Incentives and the Resolution of Bank Distress
AbstractUnlike prudential regulations that are put in place prospectively to develop banks, procedures for dealing with banks in distress are generally determined on ad hoc basis. Often the lack of clarity in the policy framework creates incentives for bank managers, shareholders, depositors, and regulators that undercut prompt resolution of financial distress. The result is often inaction, the accumulation of bad debts, and ultimately the assumption of losses by the state. This article argues that government intervention to relieve financial distress should be institutionalized in a set of regulations that forces the authorities to comply with reporting and decision-making processes. Only in this way can inherent disincentives for dealing with distress be curtailed. Copyright 1995 by Oxford University Press.
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Bibliographic InfoArticle provided by World Bank Group in its journal World Bank Research Observer.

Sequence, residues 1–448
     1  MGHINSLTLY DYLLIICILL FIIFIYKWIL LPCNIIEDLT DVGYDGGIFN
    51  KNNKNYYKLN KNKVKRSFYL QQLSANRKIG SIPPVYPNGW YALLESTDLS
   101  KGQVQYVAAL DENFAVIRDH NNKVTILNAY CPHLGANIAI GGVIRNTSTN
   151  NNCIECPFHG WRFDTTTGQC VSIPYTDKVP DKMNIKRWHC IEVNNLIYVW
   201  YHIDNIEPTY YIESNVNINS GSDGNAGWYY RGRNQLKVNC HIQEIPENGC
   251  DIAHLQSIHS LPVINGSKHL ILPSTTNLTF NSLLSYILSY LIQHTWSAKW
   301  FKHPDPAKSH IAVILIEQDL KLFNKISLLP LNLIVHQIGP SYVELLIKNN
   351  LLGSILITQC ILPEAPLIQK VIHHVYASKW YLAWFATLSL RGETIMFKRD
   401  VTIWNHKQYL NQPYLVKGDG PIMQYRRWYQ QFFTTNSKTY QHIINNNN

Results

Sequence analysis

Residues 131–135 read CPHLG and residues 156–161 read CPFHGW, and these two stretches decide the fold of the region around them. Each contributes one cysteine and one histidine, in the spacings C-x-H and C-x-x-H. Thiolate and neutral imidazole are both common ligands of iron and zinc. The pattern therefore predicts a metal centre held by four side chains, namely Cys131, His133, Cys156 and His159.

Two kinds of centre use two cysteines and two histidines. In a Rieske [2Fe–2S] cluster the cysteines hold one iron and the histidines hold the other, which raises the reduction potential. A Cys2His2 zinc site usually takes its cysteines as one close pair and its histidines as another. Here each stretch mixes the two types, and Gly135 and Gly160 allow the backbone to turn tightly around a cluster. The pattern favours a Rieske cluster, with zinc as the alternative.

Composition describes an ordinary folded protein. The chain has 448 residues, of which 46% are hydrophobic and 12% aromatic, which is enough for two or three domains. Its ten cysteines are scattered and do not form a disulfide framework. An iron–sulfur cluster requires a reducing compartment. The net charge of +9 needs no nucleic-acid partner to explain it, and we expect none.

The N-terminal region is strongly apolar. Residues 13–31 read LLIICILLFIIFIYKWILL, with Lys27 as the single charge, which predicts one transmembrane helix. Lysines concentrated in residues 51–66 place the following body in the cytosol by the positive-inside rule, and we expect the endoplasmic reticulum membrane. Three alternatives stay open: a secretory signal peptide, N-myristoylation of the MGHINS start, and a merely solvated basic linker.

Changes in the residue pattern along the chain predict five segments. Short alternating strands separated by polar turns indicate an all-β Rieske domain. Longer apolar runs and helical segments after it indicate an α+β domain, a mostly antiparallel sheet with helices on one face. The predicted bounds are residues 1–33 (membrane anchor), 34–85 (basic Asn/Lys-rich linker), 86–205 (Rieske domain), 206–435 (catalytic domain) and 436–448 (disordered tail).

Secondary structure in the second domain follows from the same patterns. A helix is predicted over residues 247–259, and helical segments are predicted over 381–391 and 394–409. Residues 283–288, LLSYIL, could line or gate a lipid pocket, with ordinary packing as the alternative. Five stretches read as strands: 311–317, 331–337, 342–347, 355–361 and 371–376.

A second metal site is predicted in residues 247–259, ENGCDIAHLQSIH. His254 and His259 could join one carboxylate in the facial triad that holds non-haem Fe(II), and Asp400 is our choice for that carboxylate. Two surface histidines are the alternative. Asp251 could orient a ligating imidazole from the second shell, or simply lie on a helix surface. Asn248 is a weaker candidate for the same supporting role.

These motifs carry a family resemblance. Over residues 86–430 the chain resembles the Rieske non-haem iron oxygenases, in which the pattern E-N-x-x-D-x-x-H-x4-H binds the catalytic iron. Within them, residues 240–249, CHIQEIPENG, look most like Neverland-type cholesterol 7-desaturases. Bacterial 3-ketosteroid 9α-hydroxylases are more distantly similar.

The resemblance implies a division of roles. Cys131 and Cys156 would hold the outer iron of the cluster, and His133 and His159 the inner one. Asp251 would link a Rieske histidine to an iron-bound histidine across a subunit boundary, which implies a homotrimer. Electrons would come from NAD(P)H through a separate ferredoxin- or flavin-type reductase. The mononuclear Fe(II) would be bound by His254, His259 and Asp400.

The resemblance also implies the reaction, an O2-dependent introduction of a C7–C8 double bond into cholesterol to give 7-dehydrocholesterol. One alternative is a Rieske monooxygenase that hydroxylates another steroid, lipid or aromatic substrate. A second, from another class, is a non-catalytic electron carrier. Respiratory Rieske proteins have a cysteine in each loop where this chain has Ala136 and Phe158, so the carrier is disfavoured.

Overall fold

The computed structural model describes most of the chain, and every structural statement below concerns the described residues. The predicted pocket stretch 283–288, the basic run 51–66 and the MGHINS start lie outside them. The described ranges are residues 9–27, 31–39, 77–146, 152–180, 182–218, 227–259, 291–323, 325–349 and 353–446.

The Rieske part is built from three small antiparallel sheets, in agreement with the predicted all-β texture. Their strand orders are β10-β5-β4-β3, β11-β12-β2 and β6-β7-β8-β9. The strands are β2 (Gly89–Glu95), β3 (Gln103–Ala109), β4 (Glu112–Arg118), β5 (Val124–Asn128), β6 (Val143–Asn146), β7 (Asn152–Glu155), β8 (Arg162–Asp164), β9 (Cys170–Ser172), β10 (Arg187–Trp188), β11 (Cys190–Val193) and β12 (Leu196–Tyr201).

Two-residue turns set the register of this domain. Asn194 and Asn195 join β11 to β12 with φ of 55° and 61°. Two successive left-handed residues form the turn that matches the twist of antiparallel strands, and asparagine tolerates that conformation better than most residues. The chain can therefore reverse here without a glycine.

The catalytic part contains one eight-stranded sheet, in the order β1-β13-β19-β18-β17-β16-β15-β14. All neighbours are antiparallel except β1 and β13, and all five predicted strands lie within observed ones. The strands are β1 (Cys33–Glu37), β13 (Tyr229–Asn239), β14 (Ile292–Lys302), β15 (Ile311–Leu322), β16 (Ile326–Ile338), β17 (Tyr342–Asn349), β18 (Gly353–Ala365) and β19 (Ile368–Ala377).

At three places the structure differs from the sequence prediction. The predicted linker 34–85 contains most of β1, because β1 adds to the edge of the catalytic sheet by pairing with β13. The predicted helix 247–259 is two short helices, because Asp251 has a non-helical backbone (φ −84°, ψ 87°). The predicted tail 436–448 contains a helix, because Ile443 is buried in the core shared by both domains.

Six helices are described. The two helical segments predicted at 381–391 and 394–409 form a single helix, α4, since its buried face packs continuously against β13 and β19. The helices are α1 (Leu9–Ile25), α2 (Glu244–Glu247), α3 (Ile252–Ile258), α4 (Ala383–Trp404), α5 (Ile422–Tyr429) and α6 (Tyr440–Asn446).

Volume (Year): 10 (1995)
Issue (Month): 1 (February)
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- Martin BROWNBRIDGE, 1998. "The Causes Of Financial Distress In Local Banks In Africa And Implications For Prudential Policy," UNCTAD Discussion Papers 132, United Nations Conference on Trade and Development.
- D.T. Llewellyn, 2000. "Some Lessons for Bank Regulation from Recent Crises," DNB Staff Reports (discontinued) 51, Netherlands Central Bank.
- David T. Llewellyn, 2001. "A Regulatory Regime for Financial Stability," Working Papers 48, Oesterreichische Nationalbank (Austrian Central Bank).
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